By Ahmed Bilal Mehboob
THE three largest
political parties in Pakistan – PTI, PMLN and PPP- which command 86 percent of
total membership in the National Assembly, are facing the prospect of
dissolution if the charges of being ‘foreign-aided’ organizations are proven
The Election Commission of Pakistan (ECP) is investigating the charges against the now ruling PTI for the past five years whereas the inquiry against PMLN and PPP started only recently. The ECP has begun day-to-day sittings of the Scrutiny Committee after opposition political parties agitated to expedite the investigation against PTI. The PTI in turn, demanded that the verdict on all three parties be given at the same time. The charges and counter-charges of the parties and media reporting of the ECP investigation has highlighted the issue of foreign funding of political parties and the larger question of political finance.
Irrespective of weak enforcement, Pakistan has some of the strictest laws against the foreign funding of political parties. The Elections Act 2017 prohibits not only ‘…any aid, financial or otherwise, from any foreign government or political party of a foreign country…’ but also ‘…any portion of its funds from foreign nationals.’ This means that any contribution by even a foreign individual can render a party ‘foreign-aided.’
Besides a very strict definition of a ‘Foreign-Aided Political Party,’ the Elections Act 2017 prescribes a very severe penalty for a party which is found to be foreign-aided by the ECP and so upheld by the Supreme Court. Such a party, according to the law, shall stand dissolved and all its elected members in the national and provincial legislatures and even local governments shall be disqualified from holding their membership in the legislatures and local governments.
The Elections Act 2017 has further tightened the screws on political parties regarding the reporting requirements of their overall finances and election campaign finances. All enlisted political parties are supposed to submit their yearly audited statements of accounts by September 1 each year which must include details about annual income, expenses, sources of the funds, assets and liabilities. In addition, each party, which has contested an election, is bound to furnish to the ECP a list of contributors who have donated Rs. 100,000 or more for its election campaign expenses.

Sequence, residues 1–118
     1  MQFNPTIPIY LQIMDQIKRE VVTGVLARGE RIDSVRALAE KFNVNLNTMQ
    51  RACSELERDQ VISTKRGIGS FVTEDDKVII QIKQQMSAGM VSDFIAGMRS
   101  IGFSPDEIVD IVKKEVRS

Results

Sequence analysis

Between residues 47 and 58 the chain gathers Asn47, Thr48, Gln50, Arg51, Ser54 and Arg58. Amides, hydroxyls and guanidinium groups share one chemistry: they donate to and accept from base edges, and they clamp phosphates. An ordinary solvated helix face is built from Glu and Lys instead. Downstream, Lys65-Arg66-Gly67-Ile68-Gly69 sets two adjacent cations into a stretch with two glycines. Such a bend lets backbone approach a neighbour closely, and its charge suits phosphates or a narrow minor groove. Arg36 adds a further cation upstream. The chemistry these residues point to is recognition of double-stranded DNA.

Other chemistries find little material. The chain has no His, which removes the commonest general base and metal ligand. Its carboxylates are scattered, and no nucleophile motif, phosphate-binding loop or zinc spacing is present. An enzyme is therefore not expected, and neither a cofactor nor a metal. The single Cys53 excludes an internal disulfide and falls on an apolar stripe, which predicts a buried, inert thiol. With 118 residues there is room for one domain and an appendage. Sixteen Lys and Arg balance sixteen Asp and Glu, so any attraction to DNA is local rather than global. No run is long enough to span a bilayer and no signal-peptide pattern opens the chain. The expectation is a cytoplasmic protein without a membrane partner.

Head of the party
or his/her designated party official has to certify the statement of accounts
to be accurate and that no funds were received by the party from any source
prohibited under the law. This certificate alone can lead to serious
consequences for the party head if the information contained in the statement
of accounts is not accurate.
One can understand the discomfort of the parties and their heads who are facing the detailed scrutiny of their accounts not only because of the foreign-funding aspect but also for the possibility of any inaccurate information which can lead to the disqualification of the party head for not being ‘sagacious, righteous, non-profligate, honest and ameen,’ according to Article 62 (1) (f) of the Constitution of Pakistan, which has been responsible for the disqualification of at least two Prime Ministers, several ministers and legislators in the past.
Electoral laws in Pakistan and in several other countries around the world are quite sensitive to foreign funding because it is generally believed that foreign funding may lead to unfair foreign influence on domestic politics and decision-making and may even jeopardize national security. For similar reasons, the funding of political parties in general or, using a broader term, political finance is assuming a greater importance in all democracies in the world.
Although Pakistan has a robust legal framework for monitoring and managing political finance, the institutional capacity to enforce relevant laws in letter and spirit has been sadly missing. This capacity challenge is at two levels.
Political parties in general do not attach much attention to the reporting on their political finance. A review of the annual statements of political parties for the past 10 years indicates that critical details such as the sources of funding are missing from most of the statements. Political parties need to develop internal capacity or mobilize external expertise to carefully report on political finance. They may, otherwise, face a catastrophic situation in view of the increasing importance and focus on political finance in general and foreign-funding in particular.
More importantly, the ECP needs to build and retain in-house capacity to scrutinize various political finance statements periodically submitted by legislators and political parties. This enhanced capacity will help avoid long delays in arriving at a decision as is the case of alleged foreign funding to PTI. More finance and audit professionals will need to be inducted in a separate department as well as greater financial resources for enhancing this capacity.
(The writer is the president of Pakistan-based think tank, PILDAT. Tweets at @ABMPildat)